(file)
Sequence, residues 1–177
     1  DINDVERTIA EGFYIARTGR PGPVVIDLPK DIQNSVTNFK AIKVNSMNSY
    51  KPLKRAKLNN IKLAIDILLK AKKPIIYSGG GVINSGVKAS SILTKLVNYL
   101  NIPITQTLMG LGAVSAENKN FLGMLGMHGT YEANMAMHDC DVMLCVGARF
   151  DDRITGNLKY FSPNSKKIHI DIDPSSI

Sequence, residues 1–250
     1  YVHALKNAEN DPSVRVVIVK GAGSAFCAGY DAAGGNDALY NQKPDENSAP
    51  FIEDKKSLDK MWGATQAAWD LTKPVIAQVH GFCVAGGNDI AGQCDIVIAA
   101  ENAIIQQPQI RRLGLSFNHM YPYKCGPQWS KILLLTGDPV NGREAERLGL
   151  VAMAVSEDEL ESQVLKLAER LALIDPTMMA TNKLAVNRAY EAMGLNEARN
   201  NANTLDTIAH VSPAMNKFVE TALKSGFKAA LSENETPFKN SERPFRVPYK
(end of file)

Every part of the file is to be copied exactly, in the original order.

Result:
Sequence, residues 1–177
     1  DINDVERTIA EGFYIARTGR PGPVVIDLPK DIQNSVTNFK AIKVNSMNSY
    51  KPLKRAKLNN IKLAIDILLK AKKPIIYSGG GVINSGVKAS SILTKLVNYL
   101  NIPITQTLMG LGAVSAENKN FLGMLGMHGT YEANMAMHDC DVMLCVGARF
   151  DDRITGNLKY FSPNSKKIHI DIDPSSI

Sequence, residues 1–250
     1  YVHALKNAEN DPSVRVVIVK GAGSAFCAGY DAAGGNDALY NQKPDENSAP
    51  FIEDKKSLDK MWGATQAAWD LTKPVIAQVH GFCVAGGNDI AGQCDIVIAA
   101  ENAIIQQPQI RRLGLSFNHM YPYKCGPQWS KILLLTGDPV NGREAERLGL
   151  VAMAVSEDEL ESQVLKLAER LALIDPTMMA TNKLAVNRAY EAMGLNEARN
   201  NANTLDTIAH VSPAMNKFVE TALKSGFKAA LSENETPFKN SERPFRVPYK